Leftover bacon and sausage chowder

What angel first paired smokey food and milk?  Comfort food of the highest order.  Chowder, an American soup from the east coast, has hundreds of iterations (I once sat with a cookbook devoted to chowder.  Totally ignored the friend who I hadn’t seen for about a year and her new home and hamsters, but I learnt a lot about chowder.  Sorry Becky).
If you can, use whole milk because you want that creaminess.  This is not the place for skimmed milk. The potatoes should be floury ones like maris pipers or king edwards- you want the potato to crumble in, so that you get the starchiness.
If you have time to cut the fat off the bacon and let it melt a little in the pan, then you’ll get more bacon-y flavour in the soup.  Yum.  Seriously – are you still cutting fat off bacon and frying it in olive oil?  STOP!  Snip off that cold fat (what is oil if not fat?) and pop it in the cold pan on a low heat and leeeeave it for about 15 mins.  That fat will, slowly, melt (“render”), and you can cook the onions and other veg for the soup in this fat.  And now you don’t have to buy more oil! So, you haven’t chucked good bacon fat AND you’ve not used unnecesarry olive or sunflower oil, leaving it for another meal – so, that’s basically 2 food waste pitfalls avoided.  Win win!
In this chowder  I used basic veg, but you can add in sweetcorn, peas, diced pepper.  And even my kids eat this for heaven’s sake, so it’s a straight up win for me.  Whatever random bits of cold chicken, chorizo, veg -as long as it tastes good with the soup, it goes in.  Happy days!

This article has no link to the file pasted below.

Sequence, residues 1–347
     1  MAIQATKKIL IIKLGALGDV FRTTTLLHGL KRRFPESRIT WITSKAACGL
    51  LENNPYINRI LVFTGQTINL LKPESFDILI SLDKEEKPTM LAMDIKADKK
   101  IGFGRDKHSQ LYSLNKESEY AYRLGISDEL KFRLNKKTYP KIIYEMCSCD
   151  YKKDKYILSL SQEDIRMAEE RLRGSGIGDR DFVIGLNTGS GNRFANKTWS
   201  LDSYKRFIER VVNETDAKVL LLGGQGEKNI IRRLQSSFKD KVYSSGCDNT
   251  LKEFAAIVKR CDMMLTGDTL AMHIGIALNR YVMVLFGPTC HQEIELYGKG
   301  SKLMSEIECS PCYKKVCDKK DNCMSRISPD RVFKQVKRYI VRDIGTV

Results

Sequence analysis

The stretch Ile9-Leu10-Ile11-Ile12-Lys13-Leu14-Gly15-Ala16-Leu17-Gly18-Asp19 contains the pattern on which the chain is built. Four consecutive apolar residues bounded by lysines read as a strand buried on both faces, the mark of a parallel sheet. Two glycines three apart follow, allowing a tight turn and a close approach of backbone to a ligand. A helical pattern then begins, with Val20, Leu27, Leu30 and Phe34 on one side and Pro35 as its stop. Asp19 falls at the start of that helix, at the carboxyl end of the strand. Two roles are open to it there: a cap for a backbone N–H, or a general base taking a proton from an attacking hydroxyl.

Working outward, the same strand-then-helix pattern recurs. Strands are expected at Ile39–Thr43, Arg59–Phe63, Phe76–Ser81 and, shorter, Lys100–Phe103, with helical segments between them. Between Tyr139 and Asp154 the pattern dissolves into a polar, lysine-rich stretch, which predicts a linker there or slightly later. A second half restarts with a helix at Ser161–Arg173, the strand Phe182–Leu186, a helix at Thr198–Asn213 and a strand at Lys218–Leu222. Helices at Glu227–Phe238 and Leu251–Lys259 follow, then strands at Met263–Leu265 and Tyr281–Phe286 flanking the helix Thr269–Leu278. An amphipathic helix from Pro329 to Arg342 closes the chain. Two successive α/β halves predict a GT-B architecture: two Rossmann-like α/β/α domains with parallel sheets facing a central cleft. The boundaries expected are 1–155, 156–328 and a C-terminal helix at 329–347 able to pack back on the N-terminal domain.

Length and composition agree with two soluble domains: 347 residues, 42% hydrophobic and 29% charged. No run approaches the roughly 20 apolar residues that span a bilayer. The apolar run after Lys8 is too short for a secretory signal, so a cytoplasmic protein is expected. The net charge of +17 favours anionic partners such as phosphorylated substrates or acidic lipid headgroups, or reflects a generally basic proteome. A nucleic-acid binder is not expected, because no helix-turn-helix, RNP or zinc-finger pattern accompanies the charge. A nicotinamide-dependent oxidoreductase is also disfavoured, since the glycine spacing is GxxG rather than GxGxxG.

Leftover sausage and bacon chowder


  • 25 grams butter
  • 1 medium onion
  • 1 medium potato (around 300grams)
  • 1 carrot
  • 1 stick celery
  • around 350 ml milk - ideally whole milk as this is creamy soup
  • leftover sausages and bacon
  • sweetcorn & peas optional
  • salt & pepper


  • Scales
  • Chopping board & knife
  • Large saucepan with lid
  • Potato masher/fork
  • Wooden spoon



  • Optional: cut the fat off the bacon and place into a cool saucepan. Once it sizzles a little add some extra oil
  • Chop your veg. Crumble the sausage into small pieces.


  • Once the fat is warm/butter is melted, add the onion and cook on a moderate (middle) heat for about 10m. You don’t want the onions to brown, you want them to go translucent and soft enough to be squashed by the back of your wooden spoon
  • When the onions are cooked, add your diced potato, carrot and celery. Season. Place the lid on.
  • Turn the heat down a little so that the veggies ‘sweat’ and get a little soft. This takes around 10m.
  • Now that the chopped veggies are ready, pour the milk over and bring to the boil.
  • DO NOT LEAVE YOUR PAN! Milk can boil over v quickly!
  • As soon as it’s boiling turn the pan down so it’s simmering (that is, little bubbles are popping up but it’s not boiling hard)
  • Timer on for 15m; keep checking the the veggies are done by pulling a couple out and checking if they are soft. Depending on how large/small you’ve cut them, this could take anything between 15 & 25m**
  • If using peas/sweetcorn, add them now.
  • Add the crumbled meat, boil it through and serve with lots of buttered bread.
  • ** If you’re making the soup in advance, turn the heat off and leave to cool. Do not add the meat and store separately. When you’re ready to eat, heat the soup; as it comes to boil add the meat and let the soup boil for a minute or so, to make sure that the meat is fully hot. Do not reheat.


  • I wouldn't re-heat this as it'll be the third time around for the meat. 

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